Thanks to a pass from the Shuberts, I fell into the habit of leaving the old Times building at night from the rear entrance next to Sardi’s and slipping through Shubert Alley to watch swaths of Sunday at the Booth. It was, in retrospect, strange behavior—a regression to those childhood days when I took solace in repeated listening to Gypsy. I concluded that it was again the solitude of a Sondheim character—Georges, a loner who watched “the rest of the world from a window” rather than living within it—that spoke to me, making me feel less alone at a time when my first marriage was starting to crack up. There was no way of knowing how much of this emotional hook belonged to Georges and how much of it was Sondheim’s, and perhaps it didn’t matter. In any event, I had no expectation I’d ever have any way of finding out.
By the time I left the drama critic’s job at the paper nearly a decade later, I’d reviewed the premieres of two other Sondheim musicals, Into the Woods and Assassins, both of which I was hot and cold about. It would not be until 2000 that I’d resume a relationship in earnest with Steve, some 30 years after that first meeting in Boston. What brought us back in contact was the Times, which asked me to see if he would sit for an interview for its magazine on the occasion of his 70th birthday. I expected him to say no, given my sometimes rough treatment of his shows in my critic’s days, his general irritation with the press, and his penchant for privacy. But I was wrong. He agreed, and in a couple of marathon, vodka-fueled sessions at his house, we picked up where we’d left off long before. I was now 50, almost a decade older than Steve was when we had first met. The barrier between us melted away, and what was ostensibly a professional encounter became personal.
Steve almost never went off the record during our sessions and was nakedly candid. He was just coming through a lousy period in which the Off Broadway workshop of his latest musical, then titled Wise Guys (reworked years later as Road Show), had ended in ruins. His first serious romantic relationship was also over. That breakup had been so disorienting, he told me, that when he found himself in his kitchen one day momentarily unsure of which way to turn to grab a bite, he for the first time experienced for himself the distress he’d written in a lyric for a heartbroken character in Follies more than twenty years earlier (“Sometimes I stand in the middle of the floor / Not going left, not going right”).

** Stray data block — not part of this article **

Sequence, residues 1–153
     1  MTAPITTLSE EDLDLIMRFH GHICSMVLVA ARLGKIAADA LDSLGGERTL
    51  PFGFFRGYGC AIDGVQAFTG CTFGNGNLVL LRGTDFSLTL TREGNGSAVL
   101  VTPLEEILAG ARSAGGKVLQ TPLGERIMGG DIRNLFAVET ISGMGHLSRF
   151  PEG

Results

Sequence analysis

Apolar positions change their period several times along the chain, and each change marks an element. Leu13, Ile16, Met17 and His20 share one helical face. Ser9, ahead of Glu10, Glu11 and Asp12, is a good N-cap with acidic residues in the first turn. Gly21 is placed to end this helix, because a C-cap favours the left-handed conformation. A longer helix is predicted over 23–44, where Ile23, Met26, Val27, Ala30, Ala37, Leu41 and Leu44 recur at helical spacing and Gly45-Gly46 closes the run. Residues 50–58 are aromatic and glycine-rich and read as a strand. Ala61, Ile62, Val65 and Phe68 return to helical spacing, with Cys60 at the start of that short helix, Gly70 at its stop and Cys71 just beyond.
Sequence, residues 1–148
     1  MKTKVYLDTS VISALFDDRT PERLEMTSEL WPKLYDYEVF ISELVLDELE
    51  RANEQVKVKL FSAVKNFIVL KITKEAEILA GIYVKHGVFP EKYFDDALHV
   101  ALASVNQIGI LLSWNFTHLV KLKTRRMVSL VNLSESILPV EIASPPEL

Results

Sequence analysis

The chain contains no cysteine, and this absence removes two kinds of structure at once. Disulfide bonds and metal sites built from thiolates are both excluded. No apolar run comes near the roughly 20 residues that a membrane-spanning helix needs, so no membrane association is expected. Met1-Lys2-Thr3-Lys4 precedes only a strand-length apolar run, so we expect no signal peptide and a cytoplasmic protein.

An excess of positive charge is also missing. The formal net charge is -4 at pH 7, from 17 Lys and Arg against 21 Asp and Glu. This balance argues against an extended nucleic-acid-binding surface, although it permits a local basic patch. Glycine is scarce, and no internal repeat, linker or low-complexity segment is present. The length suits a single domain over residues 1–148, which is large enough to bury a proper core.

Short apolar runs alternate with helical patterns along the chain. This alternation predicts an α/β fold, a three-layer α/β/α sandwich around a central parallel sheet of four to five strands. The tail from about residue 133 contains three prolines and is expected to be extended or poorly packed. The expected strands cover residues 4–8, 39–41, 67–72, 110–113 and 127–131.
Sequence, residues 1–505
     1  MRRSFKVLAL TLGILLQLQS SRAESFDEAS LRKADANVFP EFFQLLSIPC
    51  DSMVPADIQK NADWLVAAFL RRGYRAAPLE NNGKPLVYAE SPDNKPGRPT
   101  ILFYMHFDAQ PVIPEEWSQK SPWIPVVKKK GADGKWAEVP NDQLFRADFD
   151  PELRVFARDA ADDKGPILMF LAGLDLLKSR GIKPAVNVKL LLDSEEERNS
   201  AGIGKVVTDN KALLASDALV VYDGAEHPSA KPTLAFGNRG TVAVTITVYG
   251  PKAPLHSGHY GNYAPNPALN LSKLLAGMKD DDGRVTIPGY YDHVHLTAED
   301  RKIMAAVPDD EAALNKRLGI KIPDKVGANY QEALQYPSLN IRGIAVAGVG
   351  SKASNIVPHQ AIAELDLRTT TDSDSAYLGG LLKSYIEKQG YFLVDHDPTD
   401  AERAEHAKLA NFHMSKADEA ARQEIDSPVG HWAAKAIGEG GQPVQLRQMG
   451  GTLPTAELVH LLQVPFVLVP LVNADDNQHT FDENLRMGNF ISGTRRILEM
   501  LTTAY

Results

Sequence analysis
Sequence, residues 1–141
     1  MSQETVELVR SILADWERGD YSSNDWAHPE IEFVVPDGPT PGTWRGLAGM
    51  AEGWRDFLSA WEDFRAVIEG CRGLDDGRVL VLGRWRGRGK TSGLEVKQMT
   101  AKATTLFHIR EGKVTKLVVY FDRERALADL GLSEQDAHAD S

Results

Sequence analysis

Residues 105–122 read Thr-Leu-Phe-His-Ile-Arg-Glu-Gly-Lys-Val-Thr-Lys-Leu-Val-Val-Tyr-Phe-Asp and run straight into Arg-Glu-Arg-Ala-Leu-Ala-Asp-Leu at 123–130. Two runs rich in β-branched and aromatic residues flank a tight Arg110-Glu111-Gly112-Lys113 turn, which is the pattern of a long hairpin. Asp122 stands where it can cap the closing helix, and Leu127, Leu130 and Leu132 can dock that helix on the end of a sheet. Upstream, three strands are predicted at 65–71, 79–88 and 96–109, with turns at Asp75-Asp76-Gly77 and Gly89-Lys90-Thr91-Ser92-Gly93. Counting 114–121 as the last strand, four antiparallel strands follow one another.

In keeping with his downbeat mood, he was full of fatalistic prognoses about the future of the theater and his own creative powers. What was most striking to me, however, was his love for Oscar Hammerstein II, the surrogate father he found as a teenager when his mother and the Hammerstein family were neighbors in the summer enclave of Bucks County. I had never quite understood how Sondheim, the most urbane and least sentimental of lyricists, could identify with someone who wrote “Oh, What a Beautiful Mornin’ ” and “Raindrops on roses and whiskers on kittens.” Steve explained that it wasn’t Hammerstein’s lyrics that mattered to him so much as his “huge and imaginative and exploratory” vision as a librettist. Two Hammerstein musicals—Show Boat, which opened on Broadway three years before Steve was born, and Oklahoma!, which arrived just as Steve was entering his teens—were among the first major efforts to push a frivolous theatrical form into more serious dramatic territory.
Hammerstein’s daring had been imprinted on Steve at age 17, when he served as a gofer on Allegro, a 1947 musical about a successful but disillusioned doctor told through innovative techniques that included a Greek chorus. It was a rare flop for the golden team of Hammerstein and Richard Rodgers, and its out-of-town crises allowed Steve to witness the ambitions and perils of artistic experimentation close-up. “I’ve been trying to fix Allegro all my life,” Steve told me.
No less revealing was his account of seeing the previous Rodgers-and-Hammerstein musical, the 1945 Carousel, at its pre-Broadway premiere in New Haven when he was 15. Steve is hardly a “When You Walk Through a Storm” kind of guy, and the song that stuck with him instead was Julie Jordan’s sorrowful premonition of her ne’er-do-well husband Billy Bigelow’s tragic death: “What’s the use of wond’rin’ / If the endin’ will be sad?” The character Steve identified with in the show was also dark—the villain, a criminal misfit named Jigger. “I remember how everyone goes off to the clambake at the end of Act One and Jigger just follows, and he was the only one walking onstage as the curtain came down,” he recalled 55 years later. “I was sobbing.” So much so that when he hugged Hammerstein’s wife, Dorothy, who was sitting next to him, he left a stain on the lucky fur stole she wore to all of her husband’s openings. The impression of Steve I came away with for my profile was that of a Jigger-esque outcast—an only child who’d gone his own way across the stage of life and art, the kind of loner I imagined writing “If Momma Was Married” and “Finishing the Hat.” As I have since learned, my portrait was facile and incomplete.